F1measure above 0.9.
5.2 Larger Simulated Data Set
To evaluate the scalability of our technique in the most difcult UNUT setting,we also simulate
data from a 100 variable network with an average of 50 edges over ve e pochs spanning 4800
observations,with one to three edges changing between each epoch.We generate 10 different data
sets from the model and acquire 25 chains from each data set.For each chain,we take 800,000
samples,with the rst 200,000 samples thrown out for burnin.
The posterior probabilities of transition times and the number of epochs (corresponding to Fig
ures 5 and 6) for one of the simulated data sets are shown in Figure 8.The signicantly sharper
prediction for the posterior probabilities of transitions occurring at speci c times is most likely due
to having more observations and,thus,more condent estimates.The numbe r of epochs with the
highest posterior probability is ve for all choices of priors,which is exa ctly the true number of
epochs for this data set.
Additionally,the precisionrecall curves and F1measures are shown in Figure 9,revealing the
s
=1 and
m
=5 assignments to be best for this data,although all choices achieve excellent results.
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LEARNING NONSTATIONARY DYNAMIC BAYESIAN NETWORKS
UNUT Setting
Figure 5:The posterior probabilities of transition times from the sampled structures in the UNUT
setting for various values of
s
and
m
.As in Figure 4,the blue triangles on the baseline
represent the true transition times and the red dots represent one standard deviation from
the mean probability obtained fromseveral runs,which is drawn as a black line.Only the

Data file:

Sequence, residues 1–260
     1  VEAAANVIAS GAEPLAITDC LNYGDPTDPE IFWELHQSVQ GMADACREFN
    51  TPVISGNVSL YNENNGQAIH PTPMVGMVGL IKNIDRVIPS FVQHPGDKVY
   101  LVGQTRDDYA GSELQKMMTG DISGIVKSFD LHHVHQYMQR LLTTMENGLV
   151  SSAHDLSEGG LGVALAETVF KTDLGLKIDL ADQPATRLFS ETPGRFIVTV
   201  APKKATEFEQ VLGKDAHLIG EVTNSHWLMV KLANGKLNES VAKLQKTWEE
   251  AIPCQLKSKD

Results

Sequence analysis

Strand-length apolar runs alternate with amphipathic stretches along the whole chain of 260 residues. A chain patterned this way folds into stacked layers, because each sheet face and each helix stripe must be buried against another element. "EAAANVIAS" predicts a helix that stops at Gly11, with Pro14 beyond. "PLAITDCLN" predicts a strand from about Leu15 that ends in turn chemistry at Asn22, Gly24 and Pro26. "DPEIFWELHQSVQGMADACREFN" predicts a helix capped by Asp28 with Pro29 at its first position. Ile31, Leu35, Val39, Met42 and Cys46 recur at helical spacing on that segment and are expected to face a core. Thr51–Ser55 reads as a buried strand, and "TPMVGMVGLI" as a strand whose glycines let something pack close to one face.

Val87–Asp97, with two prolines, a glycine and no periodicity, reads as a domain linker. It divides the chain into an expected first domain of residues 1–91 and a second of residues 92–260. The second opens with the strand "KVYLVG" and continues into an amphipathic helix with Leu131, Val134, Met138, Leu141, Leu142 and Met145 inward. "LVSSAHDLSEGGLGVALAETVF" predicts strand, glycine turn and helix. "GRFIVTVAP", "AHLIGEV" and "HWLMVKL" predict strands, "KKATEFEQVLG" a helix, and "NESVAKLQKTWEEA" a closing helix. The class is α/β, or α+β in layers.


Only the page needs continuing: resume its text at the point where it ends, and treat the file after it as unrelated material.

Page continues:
(
s
,
m
) values of (1,1) and (1,2) seem to result in poor estimates of the true transition
times.
5.3 Drosophila Muscle Development Gene Regulatory Networks
Having achieved excellent results even in the hardest UNUT setting across ten different data sets
generated from two different simulated networksone with 10 variables an d the other with 100
we are condent enough in the usefulness of our model to analyze some r eal data.
3665
ROBINSON AND HARTEMINK
UNUT Setting
Figure 6:The posterior probabilities of the number of epochs for various values of
s
and
m
.The
xaxes range from 1 to 10 and the yaxes from 0 to 1 for all of the plots except those
marked with a star.The starred plots show predictions with signicantly more ep ochs
than the truth.The posterior estimates on the number of epochs m are closest to the true
value of 7 when
m
is 1 or 2.
In this subsection,we apply our method to identify nonstationary networks using Drosophila
development gene expression data from Arbeitman et al.(2002).This data contains expression
measurements of 4028 Drosophila genes over 66 time steps throughout development and growth
during the embryonic,larval,pupal,and adult stages of life.Zhao et al.(2006) focused on 19 genes
involved in muscle development and learned a single network over all 66 time steps with this data.
Using the same data,Guo et al.(2007) learned a timevarying undirected network over a subset of
3666
LEARNING NONSTATIONARY DYNAMIC BAYESIAN NETWORKS
UNUT Setting
s
1
2
3
4
5
0.4341
0.9423
0.9469
0.9738
0.9912
1
0.6760
0.9562
0.9553
0.9906
0.9909
2
0.9206
0.9553
0.9729
0.9731
0.9905
5
m
0.9264
0.9550
0.9657
0.9829
0.9791
10
0.8804
0.8806
0.9042
0.8922
0.8807
50
Figure 7:Top:Precisionrecall curves for various values of
s
and
m
under the UNUT setting.The
most accurate estimates for the structure of the nsDBN arise when
s
= 5 and
m
= 1.
Bottom:Corresponding F1measures for the precisionrecall curves.F1measures over
0.9 are shaded;darker shades indicate values closer to 1,and the highest value is shown